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      Internet addiction associated with right pars opercularis in females


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          Background and aims

          Structural differences in higher-order brain areas are common features of behavioral addictions, including Internet addiction (IA) as well. Taking into consideration the limited number of studies and methods used in previous studies on IA, our aim was to investigate the correlates of IA and the morphometry of the frontal lobes.


          To observe these relationships, the high-resolution T1-weighted MR images of 144 healthy, Caucasian, university students were analyzed with volumetry and voxel-based morphometry. The Problematic Internet Use Questionnaire (PIUQ) was used to assess IA.


          We found significant correlations between PIUQ subscales and the volume of the right pars opercularis volume and gray matter mass in women.

          Discussion and conclusion

          The increased gray matter measures of this structure might be explained with the extended effort to control for the impulsive behavior in addiction, and with the increased number of social interactions via the Internet.

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          Most cited references26

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          Internet addiction and problematic Internet use: A systematic review of clinical research.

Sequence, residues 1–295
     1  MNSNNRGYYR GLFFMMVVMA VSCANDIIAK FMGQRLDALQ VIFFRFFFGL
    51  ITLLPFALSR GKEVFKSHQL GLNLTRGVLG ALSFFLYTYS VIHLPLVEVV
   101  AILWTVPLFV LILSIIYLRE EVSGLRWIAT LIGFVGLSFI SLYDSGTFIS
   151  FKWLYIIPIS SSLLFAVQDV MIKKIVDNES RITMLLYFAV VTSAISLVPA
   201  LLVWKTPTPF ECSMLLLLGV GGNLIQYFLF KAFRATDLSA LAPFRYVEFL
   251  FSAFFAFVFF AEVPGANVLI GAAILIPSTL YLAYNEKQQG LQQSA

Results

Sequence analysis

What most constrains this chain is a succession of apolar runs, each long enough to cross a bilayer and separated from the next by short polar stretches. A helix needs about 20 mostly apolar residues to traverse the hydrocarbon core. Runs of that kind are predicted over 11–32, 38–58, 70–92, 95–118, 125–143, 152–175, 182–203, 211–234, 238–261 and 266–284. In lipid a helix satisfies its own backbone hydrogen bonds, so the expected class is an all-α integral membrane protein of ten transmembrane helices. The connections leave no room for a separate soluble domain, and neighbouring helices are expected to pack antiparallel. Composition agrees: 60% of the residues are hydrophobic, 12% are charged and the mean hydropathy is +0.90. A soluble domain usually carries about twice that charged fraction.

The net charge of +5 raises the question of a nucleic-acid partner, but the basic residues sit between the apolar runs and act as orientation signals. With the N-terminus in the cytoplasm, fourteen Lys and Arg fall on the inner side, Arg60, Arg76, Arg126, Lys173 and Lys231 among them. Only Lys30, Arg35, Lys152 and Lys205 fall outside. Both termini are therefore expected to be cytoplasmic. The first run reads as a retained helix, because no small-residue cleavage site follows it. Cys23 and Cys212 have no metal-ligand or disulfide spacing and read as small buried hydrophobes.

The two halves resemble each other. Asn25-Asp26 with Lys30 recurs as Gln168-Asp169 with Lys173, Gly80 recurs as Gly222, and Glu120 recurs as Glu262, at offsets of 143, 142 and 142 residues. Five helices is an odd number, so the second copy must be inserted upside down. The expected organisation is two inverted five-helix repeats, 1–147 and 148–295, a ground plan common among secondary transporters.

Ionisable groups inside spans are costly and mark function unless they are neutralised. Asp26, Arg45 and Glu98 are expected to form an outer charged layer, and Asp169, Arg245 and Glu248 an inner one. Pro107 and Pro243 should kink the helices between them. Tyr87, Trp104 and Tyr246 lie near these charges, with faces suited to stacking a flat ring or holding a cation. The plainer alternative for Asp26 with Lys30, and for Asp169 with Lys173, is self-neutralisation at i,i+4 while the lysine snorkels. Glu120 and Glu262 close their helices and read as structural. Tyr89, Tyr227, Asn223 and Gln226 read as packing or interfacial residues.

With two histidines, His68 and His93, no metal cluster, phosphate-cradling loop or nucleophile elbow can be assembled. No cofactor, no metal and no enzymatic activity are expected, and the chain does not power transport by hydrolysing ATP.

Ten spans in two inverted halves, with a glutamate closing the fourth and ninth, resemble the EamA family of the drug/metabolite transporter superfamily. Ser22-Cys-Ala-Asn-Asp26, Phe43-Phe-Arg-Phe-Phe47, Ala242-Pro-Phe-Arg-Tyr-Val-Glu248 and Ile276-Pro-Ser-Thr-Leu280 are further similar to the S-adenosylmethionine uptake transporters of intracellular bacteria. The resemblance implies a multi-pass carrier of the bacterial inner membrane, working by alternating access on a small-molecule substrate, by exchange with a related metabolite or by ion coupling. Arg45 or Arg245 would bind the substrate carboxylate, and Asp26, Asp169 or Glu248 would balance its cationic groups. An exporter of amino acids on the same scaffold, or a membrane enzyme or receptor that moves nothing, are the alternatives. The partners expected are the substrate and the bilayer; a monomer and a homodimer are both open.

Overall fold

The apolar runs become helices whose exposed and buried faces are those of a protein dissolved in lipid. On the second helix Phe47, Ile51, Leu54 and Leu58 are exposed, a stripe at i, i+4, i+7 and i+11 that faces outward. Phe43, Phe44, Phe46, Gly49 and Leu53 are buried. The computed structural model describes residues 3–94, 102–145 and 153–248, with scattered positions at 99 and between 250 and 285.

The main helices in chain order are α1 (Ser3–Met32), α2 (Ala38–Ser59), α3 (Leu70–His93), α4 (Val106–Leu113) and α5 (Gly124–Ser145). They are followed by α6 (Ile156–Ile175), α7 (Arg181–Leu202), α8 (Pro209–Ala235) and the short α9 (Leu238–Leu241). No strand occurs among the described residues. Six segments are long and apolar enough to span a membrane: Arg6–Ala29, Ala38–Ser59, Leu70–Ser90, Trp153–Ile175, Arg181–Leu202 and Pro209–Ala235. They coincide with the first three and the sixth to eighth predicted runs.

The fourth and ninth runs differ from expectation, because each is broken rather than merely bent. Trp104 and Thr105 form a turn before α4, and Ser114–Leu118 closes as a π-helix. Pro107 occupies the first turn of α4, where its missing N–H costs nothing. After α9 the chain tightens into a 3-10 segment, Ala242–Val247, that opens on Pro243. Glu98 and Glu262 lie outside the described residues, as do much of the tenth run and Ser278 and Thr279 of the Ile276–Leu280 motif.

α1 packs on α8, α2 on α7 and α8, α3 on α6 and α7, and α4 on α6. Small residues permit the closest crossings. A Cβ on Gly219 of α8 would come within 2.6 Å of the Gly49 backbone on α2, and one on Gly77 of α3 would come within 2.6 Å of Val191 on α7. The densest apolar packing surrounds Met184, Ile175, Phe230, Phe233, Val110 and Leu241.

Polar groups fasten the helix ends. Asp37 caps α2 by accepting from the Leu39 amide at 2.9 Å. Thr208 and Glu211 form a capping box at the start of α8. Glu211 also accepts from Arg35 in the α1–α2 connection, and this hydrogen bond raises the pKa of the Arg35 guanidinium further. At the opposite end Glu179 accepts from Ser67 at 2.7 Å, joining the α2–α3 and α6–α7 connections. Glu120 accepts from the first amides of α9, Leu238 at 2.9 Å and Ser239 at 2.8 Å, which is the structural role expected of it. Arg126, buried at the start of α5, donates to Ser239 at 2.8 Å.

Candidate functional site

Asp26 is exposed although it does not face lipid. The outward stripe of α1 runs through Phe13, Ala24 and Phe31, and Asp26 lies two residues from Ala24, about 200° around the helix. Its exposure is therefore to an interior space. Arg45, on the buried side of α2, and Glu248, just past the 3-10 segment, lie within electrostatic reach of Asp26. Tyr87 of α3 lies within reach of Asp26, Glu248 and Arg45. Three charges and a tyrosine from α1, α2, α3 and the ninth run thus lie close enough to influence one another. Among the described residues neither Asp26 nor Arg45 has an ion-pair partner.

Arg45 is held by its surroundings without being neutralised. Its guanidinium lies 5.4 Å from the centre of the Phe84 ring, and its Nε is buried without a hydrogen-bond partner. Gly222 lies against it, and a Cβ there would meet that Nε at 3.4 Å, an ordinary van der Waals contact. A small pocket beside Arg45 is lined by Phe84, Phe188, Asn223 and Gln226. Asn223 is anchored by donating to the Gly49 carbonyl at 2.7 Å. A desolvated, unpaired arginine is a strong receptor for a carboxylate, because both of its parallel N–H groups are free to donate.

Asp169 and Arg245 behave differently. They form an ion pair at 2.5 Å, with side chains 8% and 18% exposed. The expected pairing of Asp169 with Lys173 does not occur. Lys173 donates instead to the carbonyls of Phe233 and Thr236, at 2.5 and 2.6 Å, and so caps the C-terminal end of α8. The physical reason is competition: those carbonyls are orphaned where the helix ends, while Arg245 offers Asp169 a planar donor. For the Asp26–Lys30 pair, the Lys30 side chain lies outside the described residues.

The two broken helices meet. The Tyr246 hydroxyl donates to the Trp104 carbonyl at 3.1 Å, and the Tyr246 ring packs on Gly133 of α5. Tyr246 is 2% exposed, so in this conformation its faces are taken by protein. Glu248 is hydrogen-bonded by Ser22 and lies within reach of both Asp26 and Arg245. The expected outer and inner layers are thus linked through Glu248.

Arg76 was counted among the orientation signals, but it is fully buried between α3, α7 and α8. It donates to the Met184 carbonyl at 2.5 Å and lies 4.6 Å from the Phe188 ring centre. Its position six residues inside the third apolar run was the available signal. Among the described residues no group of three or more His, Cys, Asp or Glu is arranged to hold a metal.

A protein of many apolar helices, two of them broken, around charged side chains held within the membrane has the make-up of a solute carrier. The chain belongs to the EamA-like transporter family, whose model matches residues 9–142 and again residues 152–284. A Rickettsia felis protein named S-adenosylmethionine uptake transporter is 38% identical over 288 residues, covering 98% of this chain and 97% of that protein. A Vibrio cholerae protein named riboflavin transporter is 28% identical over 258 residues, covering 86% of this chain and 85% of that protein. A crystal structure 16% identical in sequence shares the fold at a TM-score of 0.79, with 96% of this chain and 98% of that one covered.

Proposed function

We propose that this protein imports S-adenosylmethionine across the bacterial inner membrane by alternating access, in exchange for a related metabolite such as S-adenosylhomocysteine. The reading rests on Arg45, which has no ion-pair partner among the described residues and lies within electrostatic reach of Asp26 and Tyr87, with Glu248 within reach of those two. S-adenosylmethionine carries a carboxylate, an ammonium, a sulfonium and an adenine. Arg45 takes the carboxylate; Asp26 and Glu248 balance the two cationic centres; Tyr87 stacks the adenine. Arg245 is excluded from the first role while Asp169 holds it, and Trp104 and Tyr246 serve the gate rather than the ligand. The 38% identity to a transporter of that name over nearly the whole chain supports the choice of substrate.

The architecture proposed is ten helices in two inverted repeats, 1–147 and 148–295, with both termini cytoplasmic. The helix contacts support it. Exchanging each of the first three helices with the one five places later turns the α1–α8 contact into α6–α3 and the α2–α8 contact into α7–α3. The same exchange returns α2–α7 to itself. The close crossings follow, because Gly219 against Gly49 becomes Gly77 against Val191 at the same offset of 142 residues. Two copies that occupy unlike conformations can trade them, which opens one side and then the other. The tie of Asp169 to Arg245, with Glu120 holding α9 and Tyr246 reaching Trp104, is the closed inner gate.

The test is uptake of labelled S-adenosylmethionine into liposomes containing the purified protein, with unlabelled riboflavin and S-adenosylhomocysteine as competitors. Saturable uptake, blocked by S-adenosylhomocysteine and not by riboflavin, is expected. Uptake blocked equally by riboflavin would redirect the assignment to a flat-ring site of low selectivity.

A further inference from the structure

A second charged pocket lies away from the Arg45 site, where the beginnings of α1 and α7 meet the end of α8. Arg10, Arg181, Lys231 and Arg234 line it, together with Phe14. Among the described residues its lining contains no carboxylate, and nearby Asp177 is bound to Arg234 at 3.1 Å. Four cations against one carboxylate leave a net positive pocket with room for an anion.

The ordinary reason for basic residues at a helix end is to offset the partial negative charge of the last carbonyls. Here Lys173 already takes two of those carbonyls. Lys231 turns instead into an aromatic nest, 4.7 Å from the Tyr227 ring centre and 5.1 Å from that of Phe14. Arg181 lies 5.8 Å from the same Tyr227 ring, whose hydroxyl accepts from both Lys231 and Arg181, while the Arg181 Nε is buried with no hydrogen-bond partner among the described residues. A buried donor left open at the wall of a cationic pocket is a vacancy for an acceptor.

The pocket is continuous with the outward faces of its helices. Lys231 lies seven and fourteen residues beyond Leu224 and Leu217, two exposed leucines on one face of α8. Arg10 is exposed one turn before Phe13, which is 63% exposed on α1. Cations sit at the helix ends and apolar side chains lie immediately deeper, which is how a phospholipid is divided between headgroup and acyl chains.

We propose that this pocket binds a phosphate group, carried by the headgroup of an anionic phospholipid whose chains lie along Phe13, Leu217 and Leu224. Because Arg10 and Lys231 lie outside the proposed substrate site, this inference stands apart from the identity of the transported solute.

To provide a comprehensive overview of clinical studies on the clinical picture of Internet-use related addictions from a holistic perspective. A literature search was conducted using the database Web of Science.
            • Record: found
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            Is Open Access

            Including gaming disorder in the ICD-11: The need to do so from a clinical and public health perspective

            The proposed introduction of gaming disorder (GD) in the 11th revision of the International Classification of Diseases (ICD-11) developed by the World Health Organization (WHO) has led to a lively debate over the past year. Besides the broad support for the decision in the academic press, a recent publication by van Rooij et al. (2018) repeated the criticism raised against the inclusion of GD in ICD-11 by Aarseth et al. (2017). We argue that this group of researchers fails to recognize the clinical and public health considerations, which support the WHO perspective. It is important to recognize a range of biases that may influence this debate; in particular, the gaming industry may wish to diminish its responsibility by claiming that GD is not a public health problem, a position which maybe supported by arguments from scholars based in media psychology, computer games research, communication science, and related disciplines. However, just as with any other disease or disorder in the ICD-11, the decision whether or not to include GD is based on clinical evidence and public health needs. Therefore, we reiterate our conclusion that including GD reflects the essence of the ICD and will facilitate treatment and prevention for those who need it.